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A route to the brightest possible neutron source?

23.02.2007
In a paper in Science published this week, a team of leading UK scientists at Oxfordshire’s CCLRC Rutherford Appleton Laboratory and Edinburgh University have proposed a way to harness developments in fusion-power research which could one day provide the world’s most powerful source of neutrons for materials science research. The new neutron source would be at least a 1000 times more powerful than the best neutron sources currently available worldwide.

Neutrons are a universal tool for scientists used to study everything from new medicines to the welds in the wings of aircraft, to the wonderful weirdness at the heart of quantum mechanics. An increase in power of this magnitude would transform the field, enabling scientists to do experiments way beyond anything imaginable today.

The Oxfordshire based laboratory is already home to the world-leading ISIS neutron source and Vulcan, the world’s most powerful laser.“Conventional neutron sources are based on nuclear reactors, or like at ISIS, particle accelerators, and have almost reached their technical limits”, said Professor Mike Dunne. “But, fusion energy research has unexpectedly thrown-up a radical new alternative to use powerful lasers to compress and ignite a small pellet of tritium and deuterium, two forms of hydrogen”.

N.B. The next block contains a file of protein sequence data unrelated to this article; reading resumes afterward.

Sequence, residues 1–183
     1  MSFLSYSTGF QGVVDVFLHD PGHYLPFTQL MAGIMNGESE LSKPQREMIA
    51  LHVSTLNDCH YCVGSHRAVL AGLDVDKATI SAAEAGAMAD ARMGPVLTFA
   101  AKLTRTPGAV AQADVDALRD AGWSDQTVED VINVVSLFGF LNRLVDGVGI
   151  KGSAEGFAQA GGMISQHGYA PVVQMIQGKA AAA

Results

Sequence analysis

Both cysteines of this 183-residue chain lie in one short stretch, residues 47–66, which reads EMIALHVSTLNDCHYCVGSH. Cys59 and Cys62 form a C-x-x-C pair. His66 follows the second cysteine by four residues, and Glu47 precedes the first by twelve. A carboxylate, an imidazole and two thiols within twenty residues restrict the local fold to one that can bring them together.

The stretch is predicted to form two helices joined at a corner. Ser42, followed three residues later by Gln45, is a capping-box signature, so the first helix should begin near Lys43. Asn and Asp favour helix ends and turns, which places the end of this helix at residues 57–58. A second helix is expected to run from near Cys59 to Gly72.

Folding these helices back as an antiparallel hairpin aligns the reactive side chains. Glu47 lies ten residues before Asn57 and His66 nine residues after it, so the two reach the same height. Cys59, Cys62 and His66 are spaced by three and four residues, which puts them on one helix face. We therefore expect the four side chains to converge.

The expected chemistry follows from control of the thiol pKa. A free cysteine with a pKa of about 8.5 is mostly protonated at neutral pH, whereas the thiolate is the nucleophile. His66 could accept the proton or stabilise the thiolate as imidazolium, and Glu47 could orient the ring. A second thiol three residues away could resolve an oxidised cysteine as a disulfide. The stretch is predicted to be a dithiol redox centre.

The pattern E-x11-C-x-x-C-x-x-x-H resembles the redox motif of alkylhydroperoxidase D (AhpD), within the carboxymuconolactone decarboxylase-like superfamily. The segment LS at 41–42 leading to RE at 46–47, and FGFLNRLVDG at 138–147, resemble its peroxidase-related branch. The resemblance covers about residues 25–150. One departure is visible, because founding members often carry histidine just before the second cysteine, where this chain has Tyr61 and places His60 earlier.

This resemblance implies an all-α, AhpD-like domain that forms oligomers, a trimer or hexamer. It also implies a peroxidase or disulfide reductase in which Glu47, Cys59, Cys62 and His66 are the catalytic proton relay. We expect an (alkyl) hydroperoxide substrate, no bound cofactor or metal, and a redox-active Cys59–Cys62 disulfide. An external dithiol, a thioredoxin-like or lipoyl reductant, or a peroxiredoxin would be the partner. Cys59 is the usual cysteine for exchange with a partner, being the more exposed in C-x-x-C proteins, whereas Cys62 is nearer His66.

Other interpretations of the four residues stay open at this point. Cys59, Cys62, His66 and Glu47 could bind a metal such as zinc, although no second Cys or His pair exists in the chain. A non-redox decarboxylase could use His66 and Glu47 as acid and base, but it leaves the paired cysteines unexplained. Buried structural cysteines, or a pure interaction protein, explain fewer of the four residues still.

Recently advances mean that fusion by this method could take 10 times less laser energy than previously thought, making it a very attractive prospect for power generation. “Most of the mega-Joules of energy released from each pellet are in the form of neutrons, making a blindingly bright neutron source”, said lead author, Dr Andrew Taylor.

There will be formidable technical challenges in making use of these neutrons for experiments. But the benefits to research would be extraordinary and provide a tool of enormous power for scientists in the UK and around the world. The simple fact that a neutron source of this power is conceivable is likely to impact on the long term prospects and planning for neutron scattering science.

Rebekka Stredwick | alfa
Further information:
http://www.cclrc.ac.uk

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